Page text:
Security Round Up: T-Mobile, Hospital Downtime & Lost Police Records

There have been several new data breaches, exposures and other issues affecting both businesses and individuals the last few weeks. This post discusses several of these issues, what we know about what happened, and what you need to know to protect yourself.

This post discusses a T-Mobile data breach, how ransomware caused a hospital to cancel important procedures, and how a data migration caused the loss of 8TB of police records centered on criminal investigations.

T-Mobile recently suffered a data breach that may impact 30 million users.

Security Round Up: T-Mobile, Hospital Downtime & Lost Police Records

Below are specific details about recent security incidents and what you can do to protect yourself. A breach of personally identifiable information typically happens in one of two ways:

  1. Through the victim directly - when someone gains access to an account because of a poorly chosen password, reused account credentials, notes in plain site with credentials, shared passwords, or other such instances, OR
  2. Indirectly through an outside source the victim does business with - where a breach can happen through no fault of their own as they have no control over the security measures in place or lack thereof.

The examples below are all indirect breaches, but it is always good to be aware of data breaches that occur within companies you do business with.

T-Mobile data breach

You may remember we discussed a T-Mobile breach earlier this year in another security round up. Unfortunately, T-Mobile has suffered another data breach and are currently looking into what happened. Unfortunately, this breach purportedly included personally identifiable information of 30 million people offered for sale. Information suspected to be part of this breach includes user's social security and driver's license numbers though this has not yet been confirmed by T-Mobile. Luckily, T-Mobile has stated that the way hackers gained unauthorized access has since been closed.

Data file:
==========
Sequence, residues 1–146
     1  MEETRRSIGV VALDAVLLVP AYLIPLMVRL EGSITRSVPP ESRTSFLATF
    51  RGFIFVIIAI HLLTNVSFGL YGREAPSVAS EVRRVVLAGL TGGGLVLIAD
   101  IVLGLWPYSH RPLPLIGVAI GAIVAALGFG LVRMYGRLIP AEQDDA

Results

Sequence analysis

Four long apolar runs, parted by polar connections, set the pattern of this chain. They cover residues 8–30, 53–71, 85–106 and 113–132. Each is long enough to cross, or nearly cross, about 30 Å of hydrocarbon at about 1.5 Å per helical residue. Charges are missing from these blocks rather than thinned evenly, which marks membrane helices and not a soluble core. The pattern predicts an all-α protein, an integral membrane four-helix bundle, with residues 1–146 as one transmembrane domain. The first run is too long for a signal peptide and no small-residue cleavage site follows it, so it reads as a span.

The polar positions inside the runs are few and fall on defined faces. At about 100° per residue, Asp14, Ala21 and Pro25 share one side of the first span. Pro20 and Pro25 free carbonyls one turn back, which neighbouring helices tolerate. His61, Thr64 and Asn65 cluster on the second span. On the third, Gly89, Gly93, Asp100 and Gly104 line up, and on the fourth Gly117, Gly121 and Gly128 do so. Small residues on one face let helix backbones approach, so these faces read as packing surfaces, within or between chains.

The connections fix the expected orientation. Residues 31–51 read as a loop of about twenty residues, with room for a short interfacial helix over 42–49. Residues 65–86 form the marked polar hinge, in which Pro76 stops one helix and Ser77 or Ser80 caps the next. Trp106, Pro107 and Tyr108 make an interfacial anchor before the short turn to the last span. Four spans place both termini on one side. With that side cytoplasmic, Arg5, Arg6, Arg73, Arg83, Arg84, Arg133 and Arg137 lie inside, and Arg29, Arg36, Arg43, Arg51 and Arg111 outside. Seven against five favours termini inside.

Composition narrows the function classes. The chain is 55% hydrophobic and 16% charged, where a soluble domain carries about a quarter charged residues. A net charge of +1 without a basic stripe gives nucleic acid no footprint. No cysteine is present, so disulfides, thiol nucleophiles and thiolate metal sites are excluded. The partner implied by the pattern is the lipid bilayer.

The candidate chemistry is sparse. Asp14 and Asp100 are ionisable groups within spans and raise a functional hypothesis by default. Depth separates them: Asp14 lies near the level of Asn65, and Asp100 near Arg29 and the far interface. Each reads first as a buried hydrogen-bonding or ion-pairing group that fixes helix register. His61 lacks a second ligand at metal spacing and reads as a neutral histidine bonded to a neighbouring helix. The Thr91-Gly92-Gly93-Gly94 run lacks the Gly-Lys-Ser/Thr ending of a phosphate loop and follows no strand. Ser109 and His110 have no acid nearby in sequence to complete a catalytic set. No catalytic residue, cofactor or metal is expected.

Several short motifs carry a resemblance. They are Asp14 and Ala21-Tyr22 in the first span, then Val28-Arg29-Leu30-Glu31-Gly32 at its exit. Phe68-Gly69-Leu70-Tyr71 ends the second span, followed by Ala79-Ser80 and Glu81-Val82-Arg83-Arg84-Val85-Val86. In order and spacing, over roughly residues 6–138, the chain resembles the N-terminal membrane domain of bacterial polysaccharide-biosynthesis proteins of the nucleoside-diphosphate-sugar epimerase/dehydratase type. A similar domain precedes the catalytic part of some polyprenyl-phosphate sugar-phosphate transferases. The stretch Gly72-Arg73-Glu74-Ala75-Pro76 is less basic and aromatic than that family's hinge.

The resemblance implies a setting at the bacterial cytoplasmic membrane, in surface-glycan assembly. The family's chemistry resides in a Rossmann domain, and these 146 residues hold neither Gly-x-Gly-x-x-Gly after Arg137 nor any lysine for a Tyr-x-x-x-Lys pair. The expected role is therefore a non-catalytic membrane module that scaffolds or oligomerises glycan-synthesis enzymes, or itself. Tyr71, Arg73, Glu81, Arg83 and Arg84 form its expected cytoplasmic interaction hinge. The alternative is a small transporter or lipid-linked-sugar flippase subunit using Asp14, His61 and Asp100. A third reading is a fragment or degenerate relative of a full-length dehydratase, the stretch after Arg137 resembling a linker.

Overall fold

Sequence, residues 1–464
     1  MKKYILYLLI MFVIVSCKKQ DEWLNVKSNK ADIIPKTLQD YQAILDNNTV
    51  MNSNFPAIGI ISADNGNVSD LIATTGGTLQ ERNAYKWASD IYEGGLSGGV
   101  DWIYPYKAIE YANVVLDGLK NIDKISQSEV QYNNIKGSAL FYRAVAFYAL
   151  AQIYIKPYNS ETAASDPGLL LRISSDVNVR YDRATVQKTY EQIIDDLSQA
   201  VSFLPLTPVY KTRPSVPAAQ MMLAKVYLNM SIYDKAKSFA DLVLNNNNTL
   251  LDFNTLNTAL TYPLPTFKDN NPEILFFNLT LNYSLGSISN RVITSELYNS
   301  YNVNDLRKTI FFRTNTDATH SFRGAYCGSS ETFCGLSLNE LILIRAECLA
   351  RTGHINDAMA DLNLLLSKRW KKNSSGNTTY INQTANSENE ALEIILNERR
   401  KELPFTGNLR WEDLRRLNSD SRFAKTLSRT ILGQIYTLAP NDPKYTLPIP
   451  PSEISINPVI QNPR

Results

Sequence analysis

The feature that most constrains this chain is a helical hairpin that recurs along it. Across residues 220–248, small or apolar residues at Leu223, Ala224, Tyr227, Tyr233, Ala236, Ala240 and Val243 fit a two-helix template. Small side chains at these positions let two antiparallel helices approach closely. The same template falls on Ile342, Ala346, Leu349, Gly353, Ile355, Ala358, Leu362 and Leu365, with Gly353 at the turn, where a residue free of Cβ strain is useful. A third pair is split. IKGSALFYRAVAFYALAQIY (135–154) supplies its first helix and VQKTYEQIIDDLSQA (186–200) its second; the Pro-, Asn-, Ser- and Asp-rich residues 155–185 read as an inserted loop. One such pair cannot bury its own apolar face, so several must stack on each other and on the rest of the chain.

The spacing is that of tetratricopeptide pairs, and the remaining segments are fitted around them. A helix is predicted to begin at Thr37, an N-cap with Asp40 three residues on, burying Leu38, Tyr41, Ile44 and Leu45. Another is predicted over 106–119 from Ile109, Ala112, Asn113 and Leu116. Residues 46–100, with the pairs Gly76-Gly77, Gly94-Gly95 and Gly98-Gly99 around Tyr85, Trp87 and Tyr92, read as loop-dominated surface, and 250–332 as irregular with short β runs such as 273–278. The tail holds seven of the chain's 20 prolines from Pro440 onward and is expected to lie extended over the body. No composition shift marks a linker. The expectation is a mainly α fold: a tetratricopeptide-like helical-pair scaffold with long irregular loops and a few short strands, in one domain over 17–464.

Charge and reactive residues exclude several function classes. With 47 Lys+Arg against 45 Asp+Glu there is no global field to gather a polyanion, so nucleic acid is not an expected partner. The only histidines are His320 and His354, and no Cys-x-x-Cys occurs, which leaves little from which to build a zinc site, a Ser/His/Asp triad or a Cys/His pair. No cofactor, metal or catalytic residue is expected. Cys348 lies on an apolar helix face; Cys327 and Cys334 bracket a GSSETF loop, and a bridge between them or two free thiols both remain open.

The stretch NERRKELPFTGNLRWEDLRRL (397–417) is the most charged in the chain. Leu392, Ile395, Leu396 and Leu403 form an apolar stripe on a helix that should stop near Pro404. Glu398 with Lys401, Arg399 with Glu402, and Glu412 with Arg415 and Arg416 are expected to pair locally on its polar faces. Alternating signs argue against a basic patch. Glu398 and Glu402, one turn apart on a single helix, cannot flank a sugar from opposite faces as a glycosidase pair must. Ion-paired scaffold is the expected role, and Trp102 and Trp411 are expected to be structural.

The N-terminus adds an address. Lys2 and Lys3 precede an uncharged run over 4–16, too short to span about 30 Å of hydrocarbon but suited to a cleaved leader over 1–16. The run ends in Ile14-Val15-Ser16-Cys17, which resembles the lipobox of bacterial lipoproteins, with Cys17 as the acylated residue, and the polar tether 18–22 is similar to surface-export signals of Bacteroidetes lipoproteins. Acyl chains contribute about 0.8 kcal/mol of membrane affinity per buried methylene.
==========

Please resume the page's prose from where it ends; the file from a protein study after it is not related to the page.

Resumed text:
UPDATE: T-Mobile has since confirmed attackers accessed personal information from 54 million people, a little less than eight million are current customers while the remainder are former and prospective customers.

The takeaway: If you are or have been a T-Mobile customer, some of your personal data might be at risk. T-Mobile is conducting an internal investigation in cooperation with law enforcement about this breach. Once the results of the investigation are determined, it is likely any individual whose data was put at risk will be given access to free credit reporting or some other compensation as is common with these sorts of data breaches.

Update: T-Mobile has stated they will provide a 2-year subscription for identity protection services to those people put at risk.

In the meantime, keep a close look on any accounts and credit cards associated with them. Also, change any account credentials associated with a T-Mobile account. If you reused those credentials with any other business or online account, be sure to update those as well, preferably to something that is unique. This is the risk of reusing credentials - once one place exposes the credentials, hackers or anyone who gets ahold of the data, can then try those credentials elsewhere hoping to gain access to additional accounts.

Hospital ransomware attack

Three hospitals owned by Memorial Health System were hit with a ransomware attack and were forced to cancel surgeries and redirect emergency patients to other hospitals as a result. While the hospitals are still open, the attack caused the hospitals to operate under electronic health record (EHR) downtime procedures.